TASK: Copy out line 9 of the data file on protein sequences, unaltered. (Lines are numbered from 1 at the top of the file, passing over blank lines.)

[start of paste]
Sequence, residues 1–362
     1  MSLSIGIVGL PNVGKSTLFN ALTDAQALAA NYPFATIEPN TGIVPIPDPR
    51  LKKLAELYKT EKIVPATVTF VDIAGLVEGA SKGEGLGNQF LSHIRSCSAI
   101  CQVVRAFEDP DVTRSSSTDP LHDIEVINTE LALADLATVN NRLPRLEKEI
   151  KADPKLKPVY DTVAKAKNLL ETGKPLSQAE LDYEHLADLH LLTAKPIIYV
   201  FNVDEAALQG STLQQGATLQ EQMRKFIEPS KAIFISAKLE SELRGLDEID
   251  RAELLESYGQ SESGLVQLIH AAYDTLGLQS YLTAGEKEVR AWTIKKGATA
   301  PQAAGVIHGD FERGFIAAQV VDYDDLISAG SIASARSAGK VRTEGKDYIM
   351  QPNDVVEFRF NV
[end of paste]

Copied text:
   351  QPNDVVEFRF NV